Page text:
Jenny Piccolo - Discography (Cover Artwork)
Staff Review

Jenny Piccolo

Jenny Piccolo: Discography

Discography (2006)

Three One G


3
It takes most bands a decade to record and release fifty songs. It takes some a career. Some don't make it that far at all. Jenny Piccolo, however, could be considered ahead of the curve, as their discography packs 52 songs into almost half that amount of time. Granted, only 10 of those so much as c...

It takes most bands a decade to record and release fifty songs. It takes some a career. Some don't make it that far at all. Jenny Piccolo, however, could be considered ahead of the curve, as their discography packs 52 songs into almost half that amount of time. Granted, only 10 of those so much as crack the one-minute barrier, but a band like this obviously isn't putting any premiums on song or album duration.

What they are doing is being as fast and as loud as humanly possible, so in that right -- mission successful. Amidst the maniacal shrieks, lightning fast riffs, and unforgivingly loud drum fills, there's music to be found. You have to look hard and you have to be patient, but it's there. Just don't get too attached to a specific song because by the time you do, it's over. Not only is it over, but three more songs have passed by since, each as much a torrent of distortion and throat-searing vocals as the last. Only towards the middle of the discography is there a bit of a break from that kind of songwriting because a few of the songs are a bit longer (read: more than a minute) and feel much more like fast-paced emotional hardcore, rather than screeches and blast beats of the grind-ish material they normally play. It actually suits them pretty well to slow down for a grittier and more intense attack.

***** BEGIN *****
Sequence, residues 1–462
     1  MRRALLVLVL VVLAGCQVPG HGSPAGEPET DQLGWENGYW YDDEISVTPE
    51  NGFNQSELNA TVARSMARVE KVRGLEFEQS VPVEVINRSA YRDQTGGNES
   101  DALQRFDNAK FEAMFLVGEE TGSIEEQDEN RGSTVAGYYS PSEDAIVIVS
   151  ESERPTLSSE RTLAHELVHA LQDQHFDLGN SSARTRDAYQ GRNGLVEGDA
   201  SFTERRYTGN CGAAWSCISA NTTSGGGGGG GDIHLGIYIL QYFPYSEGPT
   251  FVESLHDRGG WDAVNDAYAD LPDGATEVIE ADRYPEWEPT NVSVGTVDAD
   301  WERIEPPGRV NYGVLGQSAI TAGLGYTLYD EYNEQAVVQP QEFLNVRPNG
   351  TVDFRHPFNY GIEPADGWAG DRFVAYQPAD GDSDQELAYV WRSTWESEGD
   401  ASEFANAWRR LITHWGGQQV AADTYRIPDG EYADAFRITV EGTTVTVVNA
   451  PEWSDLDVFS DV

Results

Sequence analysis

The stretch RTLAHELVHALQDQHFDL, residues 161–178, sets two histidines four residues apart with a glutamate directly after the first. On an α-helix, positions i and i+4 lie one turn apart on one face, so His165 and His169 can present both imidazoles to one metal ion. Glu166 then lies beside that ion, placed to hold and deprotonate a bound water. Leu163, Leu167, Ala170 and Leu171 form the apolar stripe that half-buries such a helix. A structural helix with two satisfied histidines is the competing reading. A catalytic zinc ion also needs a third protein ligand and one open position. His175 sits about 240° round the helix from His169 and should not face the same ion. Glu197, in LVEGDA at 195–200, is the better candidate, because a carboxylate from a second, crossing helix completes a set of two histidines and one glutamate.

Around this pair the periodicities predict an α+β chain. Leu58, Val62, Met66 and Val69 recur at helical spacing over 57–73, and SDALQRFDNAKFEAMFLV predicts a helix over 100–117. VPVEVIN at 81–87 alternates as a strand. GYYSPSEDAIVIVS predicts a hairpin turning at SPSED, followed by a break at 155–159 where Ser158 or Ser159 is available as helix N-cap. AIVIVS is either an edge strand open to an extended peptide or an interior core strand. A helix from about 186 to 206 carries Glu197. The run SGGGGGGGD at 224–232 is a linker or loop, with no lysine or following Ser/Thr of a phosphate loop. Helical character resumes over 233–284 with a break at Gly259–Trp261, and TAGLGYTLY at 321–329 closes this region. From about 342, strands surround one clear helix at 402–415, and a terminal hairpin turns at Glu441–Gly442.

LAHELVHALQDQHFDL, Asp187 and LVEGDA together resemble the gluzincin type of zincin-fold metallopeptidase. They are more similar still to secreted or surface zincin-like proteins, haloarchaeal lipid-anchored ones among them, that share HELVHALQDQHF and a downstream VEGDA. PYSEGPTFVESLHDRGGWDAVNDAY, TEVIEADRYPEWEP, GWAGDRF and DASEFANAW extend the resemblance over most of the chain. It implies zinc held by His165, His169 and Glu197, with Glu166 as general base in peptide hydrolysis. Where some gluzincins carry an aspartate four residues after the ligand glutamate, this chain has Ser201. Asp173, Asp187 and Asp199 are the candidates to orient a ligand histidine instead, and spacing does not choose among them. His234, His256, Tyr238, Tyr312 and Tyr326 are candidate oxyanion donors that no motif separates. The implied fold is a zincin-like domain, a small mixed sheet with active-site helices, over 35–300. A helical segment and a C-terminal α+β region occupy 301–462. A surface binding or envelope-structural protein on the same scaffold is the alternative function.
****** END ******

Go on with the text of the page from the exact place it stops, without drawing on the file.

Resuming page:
Strange as that sounds, Jenny Piccolo are not very menacing at all when playing at blazing speed. That's not to say they're uncomfortable in the style -- far from it, but they come across more as just playing quickly as possible for the sake of it. However, when they slow it down, even just a bit, it's a whole different ballgame. "Cyanide Inhaler" begins with a slow drumroll, and quickly moves to a bouncy rhythm with scathing vocals and occasional shout-alongs to keep it interesting. This is what I'd love to see more of from them, rather than the all-out blitz most of the discography presents.

It's schizophrenic, it's intense, and it's all over in the amount of time it would take you to watch a "Happy Days" rerun. Not my bag exactly, but they're solid at what they do, I cannot deny them that.